Cambridge from castle Mount - G F Sargent mid 19th century
History of Cambridge Castle
View from Castle Hill
The Saxon settlement was originally within. the ramparts of the Roman fort. It is known that there was some destruction during the conflicts between the kingdoms of Mercia and East Anglia. In 634AD the Mercian king Penda conquered the East Anglians at the site. The venerable Bede mentions the site when he describes the monks from Ely coming in 695 in search of a suitable coffin for the founder ofvtheir monastery, St Etheldreda. They are said to have found a coffin at the foot of Castle Hill in ‘a waste chester called Grantacaester’ i.e. the Roman camp next to the Granta, the old name for the River Cam. (Peter Bryan, ‘Cambridge – The Shaping of the City’ 2008, p.12)
The motte remains of the castle built by William the Conqueror in 1068 to control the river crossing. It lay within the stone walls of the Roman town. In the process 27 houses were demolished. A stone bailey was rebuilt in stone by Edward in 1294. It seems to nave been surrounded by wet moats.
Cambridge Castle historical map
By 1367 the castle was already in a defective state although even in 1585 attempts were made to retain the curtain wall. By 1606 the S.W. gatehouse was the only complete building left because of its use as a prison.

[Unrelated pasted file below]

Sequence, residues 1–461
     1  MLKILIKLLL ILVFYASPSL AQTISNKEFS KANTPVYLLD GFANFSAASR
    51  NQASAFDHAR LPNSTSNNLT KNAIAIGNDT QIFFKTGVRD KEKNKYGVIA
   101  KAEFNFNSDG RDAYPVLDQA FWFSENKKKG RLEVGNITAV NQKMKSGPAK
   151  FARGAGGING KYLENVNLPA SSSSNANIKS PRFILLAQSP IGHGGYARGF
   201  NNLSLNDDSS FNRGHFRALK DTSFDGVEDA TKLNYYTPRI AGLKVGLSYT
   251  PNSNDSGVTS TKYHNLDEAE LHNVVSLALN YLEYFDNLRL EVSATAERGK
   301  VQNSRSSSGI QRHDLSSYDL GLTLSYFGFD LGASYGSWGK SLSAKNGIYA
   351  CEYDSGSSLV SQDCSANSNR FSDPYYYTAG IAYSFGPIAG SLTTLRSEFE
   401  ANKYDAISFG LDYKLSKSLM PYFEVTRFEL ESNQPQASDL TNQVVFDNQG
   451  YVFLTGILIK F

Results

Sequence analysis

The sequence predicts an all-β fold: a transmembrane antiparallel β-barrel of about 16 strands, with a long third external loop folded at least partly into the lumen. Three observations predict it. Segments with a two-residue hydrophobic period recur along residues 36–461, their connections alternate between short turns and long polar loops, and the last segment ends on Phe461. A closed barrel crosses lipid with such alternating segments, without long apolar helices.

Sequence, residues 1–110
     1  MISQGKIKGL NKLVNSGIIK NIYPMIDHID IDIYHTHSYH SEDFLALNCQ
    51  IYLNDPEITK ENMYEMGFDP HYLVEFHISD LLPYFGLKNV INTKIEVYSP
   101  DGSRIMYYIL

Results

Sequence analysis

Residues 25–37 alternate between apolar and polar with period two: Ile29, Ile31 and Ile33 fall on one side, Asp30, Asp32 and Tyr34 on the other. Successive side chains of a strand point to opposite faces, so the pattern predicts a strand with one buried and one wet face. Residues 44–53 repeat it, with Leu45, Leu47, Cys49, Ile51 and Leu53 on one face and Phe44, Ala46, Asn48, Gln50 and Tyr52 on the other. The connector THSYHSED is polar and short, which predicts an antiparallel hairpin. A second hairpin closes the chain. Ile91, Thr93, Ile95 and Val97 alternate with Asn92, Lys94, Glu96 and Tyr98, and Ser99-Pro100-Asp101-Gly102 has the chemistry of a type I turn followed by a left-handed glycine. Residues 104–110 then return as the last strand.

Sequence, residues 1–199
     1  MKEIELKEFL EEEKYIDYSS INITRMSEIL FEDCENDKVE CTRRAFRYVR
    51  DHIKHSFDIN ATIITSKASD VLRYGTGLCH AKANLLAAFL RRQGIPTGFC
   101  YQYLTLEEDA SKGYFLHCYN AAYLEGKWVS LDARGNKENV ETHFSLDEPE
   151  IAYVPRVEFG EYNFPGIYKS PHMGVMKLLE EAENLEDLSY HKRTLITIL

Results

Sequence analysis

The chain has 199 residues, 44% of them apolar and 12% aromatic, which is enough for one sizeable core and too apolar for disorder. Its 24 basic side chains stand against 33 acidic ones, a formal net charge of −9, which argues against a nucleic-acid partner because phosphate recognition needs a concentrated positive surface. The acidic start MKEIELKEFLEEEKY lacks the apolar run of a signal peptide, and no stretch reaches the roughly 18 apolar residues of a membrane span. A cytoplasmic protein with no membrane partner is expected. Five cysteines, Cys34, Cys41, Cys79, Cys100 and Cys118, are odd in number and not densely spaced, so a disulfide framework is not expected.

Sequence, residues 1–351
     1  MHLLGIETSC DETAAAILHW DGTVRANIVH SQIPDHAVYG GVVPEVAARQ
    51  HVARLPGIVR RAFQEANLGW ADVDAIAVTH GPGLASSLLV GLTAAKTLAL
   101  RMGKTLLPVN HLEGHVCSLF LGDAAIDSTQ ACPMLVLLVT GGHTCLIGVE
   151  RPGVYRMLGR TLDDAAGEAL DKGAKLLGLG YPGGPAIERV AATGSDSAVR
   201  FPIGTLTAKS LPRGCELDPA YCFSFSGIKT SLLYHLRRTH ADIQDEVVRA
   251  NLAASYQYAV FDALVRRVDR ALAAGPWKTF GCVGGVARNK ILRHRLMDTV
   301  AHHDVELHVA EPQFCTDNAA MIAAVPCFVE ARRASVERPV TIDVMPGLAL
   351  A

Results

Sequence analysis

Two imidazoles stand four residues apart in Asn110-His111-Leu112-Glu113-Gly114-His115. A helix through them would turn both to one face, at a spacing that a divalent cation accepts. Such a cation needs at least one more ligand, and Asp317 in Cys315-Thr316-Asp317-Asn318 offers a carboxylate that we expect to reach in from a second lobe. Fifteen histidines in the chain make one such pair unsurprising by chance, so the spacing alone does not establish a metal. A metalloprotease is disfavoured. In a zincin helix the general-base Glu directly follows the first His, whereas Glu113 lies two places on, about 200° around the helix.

In 1643, because of Cambridge being the headquarters of the Eastern Counties Association, the Bailey works were reconstructed as a bastioned trace fort. In 1647 the new defences were slighted but three bastions remained.
Cambridge Castle by James Essex 1740. L to R: medieval gatehouse, Cromwellian barracks, Elizabethan law courts (Shire Hall)
Between 1802 and 1847 a new octagonal County gaol designed by G Byfield was built. In 1842 the SW gatehouse was pulled down to make way for the Court House, itself demolished in 1954. In 1932 the new Shire Hall was built on the site freed by the demolition of the County gaol.
Documents about the castle’s role as a prison can be found here:
Cambridge County Gaol and House of Correction
Cambridge Castle 19th cent.
There is a Wikipedia entry.
The following map from 1895 shows the probable line of the Roman wall and ditch. Peter Bryan’s map in ‘Cambridge – The Shaping of the City’ 2008 places the Roman Military Fort within the area formed by Castle Road at the SE, Castle Street at the NE and Shelley Row at the SW.
Cambridge Castle 1895 suggested plan